The Internal Revenue Service is raising the maximum contribution that workers can make to their 401(k) pension plans without paying upfront taxes. The limit will rise by $500 to $17,000 next year.
The increase is required by law to adjust for inflation. The ceiling hadn't grown since 2009 because inflation had been too low to trigger an increase.
Companies that set up 401(k) plans for their employees are free to limit maximum contributions at levels below the legal ceiling, and many do.
Thirty-three percent of workers ages 21-64 used 401(k) plans in 2009, the most recent year for which figures are available, according to the Employee Benefit Research Institute, a nonpartisan research group that advocates strong employee benefit programs.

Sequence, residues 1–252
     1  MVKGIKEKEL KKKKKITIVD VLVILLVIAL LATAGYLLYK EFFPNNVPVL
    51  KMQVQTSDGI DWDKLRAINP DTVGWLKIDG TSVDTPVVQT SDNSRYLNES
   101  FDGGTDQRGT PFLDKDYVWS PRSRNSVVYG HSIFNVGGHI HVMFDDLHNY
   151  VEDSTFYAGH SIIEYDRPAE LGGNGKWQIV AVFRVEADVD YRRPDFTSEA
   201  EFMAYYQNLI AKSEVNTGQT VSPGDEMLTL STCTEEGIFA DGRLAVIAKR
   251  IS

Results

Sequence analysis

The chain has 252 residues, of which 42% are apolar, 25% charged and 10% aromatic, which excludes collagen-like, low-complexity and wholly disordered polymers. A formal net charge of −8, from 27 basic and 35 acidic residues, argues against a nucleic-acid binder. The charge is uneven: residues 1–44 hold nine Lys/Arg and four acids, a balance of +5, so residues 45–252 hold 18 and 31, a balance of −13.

Only 9 percent of people with a 401(k) contributed the maximum dollar amount to their plans in 2005, the most recent year for which that data is available, the institute said.
The IRS also is making inflation adjustments to the personal exemption, tax brackets and other parts of the tax code for 2012.
The personal exemption and the dependent exemption will grow to $3,800 each, a $100 increase from 2011.
The standard deduction for married couples filing jointly will rise by $300 to $11,900, while the standard deduction for single people will increase by $150 to $5,950. The standard deduction is used by the almost two-thirds of taxpayers who do not itemize deductions for items such as mortgage interest.
Tax brackets will change, too. For married couples filing a joint return, the taxable income at which the rate grows from 15 percent to 25 percent will be $70,700, compared with $69,000 this year.
The changes are all for the 2012 tax year. Most people will file their returns for that year at the beginning of 2013.